Factory Girl (R)
Sienna Miller gives a full-body, no-holds-barred performance in Factory Girl, a sort of pointless movie.
Pointless because Miller is Edie Sedgwick, a woman about whom I knew nothing before seeing the movie and have no interest in further getting to know since seeing it. She was a daughter of old money and old names (a Declaration of Independence signer, a New Amsterdam founder and Kyra Sedgwick are among her distant relatives, according to her Wikipedia page) and, so the movie suggests, a seriously screwed up nuclear family. She had a fleeting modeling career and a vague and primarily “underground” film career. She was an “artist” of some kind and a frequent psychiatric patient. She was, also according to the movie, occasionally effervescing, deeply damaged and annoying.
This based-on story — elements are true-ish and, compared to the “facts” of her life one can dredge up on the Web, timelines are blurred — follows Edie (Miller) from her socialite life in New York to her drug- and pop-art-addled days with Andy Warhol (Guy Pearce) and his Factory crowd to her romance with a musician called Billy Quinn (Hayden Christensen) on Internet Movie Database. He is perhaps called this because calling him “Bob Dylan,” the man his character is likely based on, would be a fatal stretch of moviegoers’ tolerance. Nobody’s going to believe Anakin Skywalker can sing “Blowin’ in the Wind.”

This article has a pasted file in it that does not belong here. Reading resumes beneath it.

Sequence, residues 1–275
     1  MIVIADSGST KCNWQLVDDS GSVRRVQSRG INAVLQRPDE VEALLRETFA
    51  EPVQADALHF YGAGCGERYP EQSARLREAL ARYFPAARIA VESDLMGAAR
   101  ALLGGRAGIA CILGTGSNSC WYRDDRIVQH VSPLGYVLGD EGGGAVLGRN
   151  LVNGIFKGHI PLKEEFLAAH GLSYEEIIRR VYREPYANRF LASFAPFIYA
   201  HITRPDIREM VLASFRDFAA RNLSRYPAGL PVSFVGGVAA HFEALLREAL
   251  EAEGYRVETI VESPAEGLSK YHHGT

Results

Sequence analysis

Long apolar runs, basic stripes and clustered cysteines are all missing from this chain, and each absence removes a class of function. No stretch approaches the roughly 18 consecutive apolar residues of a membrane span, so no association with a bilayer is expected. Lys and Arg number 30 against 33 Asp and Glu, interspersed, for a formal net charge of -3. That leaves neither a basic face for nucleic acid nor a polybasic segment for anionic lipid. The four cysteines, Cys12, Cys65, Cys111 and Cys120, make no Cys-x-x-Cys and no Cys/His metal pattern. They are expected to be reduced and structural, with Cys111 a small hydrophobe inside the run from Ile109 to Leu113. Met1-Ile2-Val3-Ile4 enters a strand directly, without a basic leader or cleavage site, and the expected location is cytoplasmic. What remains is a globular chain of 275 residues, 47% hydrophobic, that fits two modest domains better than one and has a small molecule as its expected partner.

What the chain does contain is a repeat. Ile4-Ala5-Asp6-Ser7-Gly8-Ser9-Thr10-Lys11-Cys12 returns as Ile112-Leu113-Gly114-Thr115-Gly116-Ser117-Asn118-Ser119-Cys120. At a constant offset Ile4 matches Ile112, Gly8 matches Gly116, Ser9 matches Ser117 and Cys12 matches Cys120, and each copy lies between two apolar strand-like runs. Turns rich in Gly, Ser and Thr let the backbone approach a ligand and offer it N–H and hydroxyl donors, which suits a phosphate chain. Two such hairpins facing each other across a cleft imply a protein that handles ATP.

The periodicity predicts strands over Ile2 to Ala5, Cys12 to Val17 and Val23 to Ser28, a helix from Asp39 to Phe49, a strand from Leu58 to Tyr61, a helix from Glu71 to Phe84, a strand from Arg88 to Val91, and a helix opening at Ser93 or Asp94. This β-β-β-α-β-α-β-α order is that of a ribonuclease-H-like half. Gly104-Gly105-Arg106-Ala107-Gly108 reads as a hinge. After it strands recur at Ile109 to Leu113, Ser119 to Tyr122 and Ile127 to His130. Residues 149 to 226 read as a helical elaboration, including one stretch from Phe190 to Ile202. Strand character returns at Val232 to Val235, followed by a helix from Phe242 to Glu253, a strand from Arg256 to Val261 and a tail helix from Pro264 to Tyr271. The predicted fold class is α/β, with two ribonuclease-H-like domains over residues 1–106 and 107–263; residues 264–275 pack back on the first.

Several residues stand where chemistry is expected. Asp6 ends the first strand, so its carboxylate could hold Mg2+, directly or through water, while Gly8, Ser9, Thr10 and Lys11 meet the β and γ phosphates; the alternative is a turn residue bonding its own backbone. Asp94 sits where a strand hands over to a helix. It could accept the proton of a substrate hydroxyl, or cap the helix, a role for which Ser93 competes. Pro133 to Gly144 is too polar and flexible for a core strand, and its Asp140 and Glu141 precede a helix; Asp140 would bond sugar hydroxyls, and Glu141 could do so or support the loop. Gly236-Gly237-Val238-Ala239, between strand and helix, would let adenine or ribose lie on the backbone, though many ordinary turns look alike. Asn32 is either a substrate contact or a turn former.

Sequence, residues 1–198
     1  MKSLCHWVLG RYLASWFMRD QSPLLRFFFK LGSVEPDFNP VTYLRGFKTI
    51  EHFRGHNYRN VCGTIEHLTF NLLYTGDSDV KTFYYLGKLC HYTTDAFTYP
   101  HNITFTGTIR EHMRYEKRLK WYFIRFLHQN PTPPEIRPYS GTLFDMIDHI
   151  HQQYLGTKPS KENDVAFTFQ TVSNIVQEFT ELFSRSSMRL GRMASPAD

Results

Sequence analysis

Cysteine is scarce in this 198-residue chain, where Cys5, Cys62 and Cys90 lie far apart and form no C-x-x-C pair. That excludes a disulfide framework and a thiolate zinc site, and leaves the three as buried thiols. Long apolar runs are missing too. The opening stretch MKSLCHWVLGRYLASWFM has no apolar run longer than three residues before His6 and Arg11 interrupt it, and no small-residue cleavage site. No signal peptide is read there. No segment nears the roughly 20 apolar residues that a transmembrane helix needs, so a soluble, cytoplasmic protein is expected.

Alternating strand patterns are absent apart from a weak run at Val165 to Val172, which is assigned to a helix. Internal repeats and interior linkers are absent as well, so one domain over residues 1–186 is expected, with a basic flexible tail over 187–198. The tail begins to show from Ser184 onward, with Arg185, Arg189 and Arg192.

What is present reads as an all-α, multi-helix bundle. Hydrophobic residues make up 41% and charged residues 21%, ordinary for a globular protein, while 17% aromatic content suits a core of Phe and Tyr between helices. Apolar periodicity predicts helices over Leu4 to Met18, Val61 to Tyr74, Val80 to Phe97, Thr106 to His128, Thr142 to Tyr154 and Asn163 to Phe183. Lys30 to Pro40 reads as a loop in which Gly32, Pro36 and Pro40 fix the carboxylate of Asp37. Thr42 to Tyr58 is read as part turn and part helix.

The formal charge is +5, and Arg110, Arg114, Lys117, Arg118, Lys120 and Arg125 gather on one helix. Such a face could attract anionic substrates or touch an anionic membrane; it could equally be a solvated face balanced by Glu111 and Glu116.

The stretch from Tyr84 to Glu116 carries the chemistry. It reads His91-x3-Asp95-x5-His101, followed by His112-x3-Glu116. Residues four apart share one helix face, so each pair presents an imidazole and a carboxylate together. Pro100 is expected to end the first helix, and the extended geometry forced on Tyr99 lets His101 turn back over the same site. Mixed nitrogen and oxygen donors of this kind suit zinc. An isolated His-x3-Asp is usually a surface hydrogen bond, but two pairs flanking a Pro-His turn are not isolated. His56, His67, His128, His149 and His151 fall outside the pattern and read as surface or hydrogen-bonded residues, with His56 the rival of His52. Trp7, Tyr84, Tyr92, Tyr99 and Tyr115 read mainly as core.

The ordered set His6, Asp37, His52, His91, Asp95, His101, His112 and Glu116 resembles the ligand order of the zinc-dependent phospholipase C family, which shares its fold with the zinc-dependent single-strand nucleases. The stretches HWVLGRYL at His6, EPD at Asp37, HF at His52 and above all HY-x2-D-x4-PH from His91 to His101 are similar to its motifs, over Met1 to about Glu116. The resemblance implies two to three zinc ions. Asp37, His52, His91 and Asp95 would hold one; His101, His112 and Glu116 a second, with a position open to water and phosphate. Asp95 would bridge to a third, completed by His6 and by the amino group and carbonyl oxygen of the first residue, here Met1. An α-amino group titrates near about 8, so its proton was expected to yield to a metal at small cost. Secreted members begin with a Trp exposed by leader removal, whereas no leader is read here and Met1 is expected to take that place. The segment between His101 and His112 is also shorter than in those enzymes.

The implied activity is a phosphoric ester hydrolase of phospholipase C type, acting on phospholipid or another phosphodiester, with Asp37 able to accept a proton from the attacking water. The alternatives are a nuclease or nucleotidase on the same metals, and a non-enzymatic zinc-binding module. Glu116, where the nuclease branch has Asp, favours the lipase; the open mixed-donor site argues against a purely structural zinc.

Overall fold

The story takes Edie from one tragic episode in her tragic life to another, each one giving us a 1960s version of New York’s avant garde art scene that is visually interesting but aggravating to have to listen to. There is a more-education-than-sense, more-superstardom-than-talent feel to the characters, Warhol in particular, that is probably not fair and that makes for a fairly uninteresting storytelling experience.
I walked away from Factory Girl with a newfound respect for Miller (best known for an assortment of roles as girlfriends and other tertiary characters and for her appearances in the tabloids next to Jude Law’s name — she was engaged to but never married Law, who cheated on her; yes, that’s where you’ve heard her name). She can clearly carry the load of a weighty and complicated role. Let’s hope next time she gets one that matters. C-
Rated R for pervasive drug use, strong sexual content, nudity and language. Directed by George Hickenlooper and written by Aaron Richard Golub, Captain Mauzner and Simon Mojack, Factory Girl is one hour and 27 minutes long and is distributed in limited release by The Weinstein Company. The movie is currently playing at theaters in Manchester and Concord.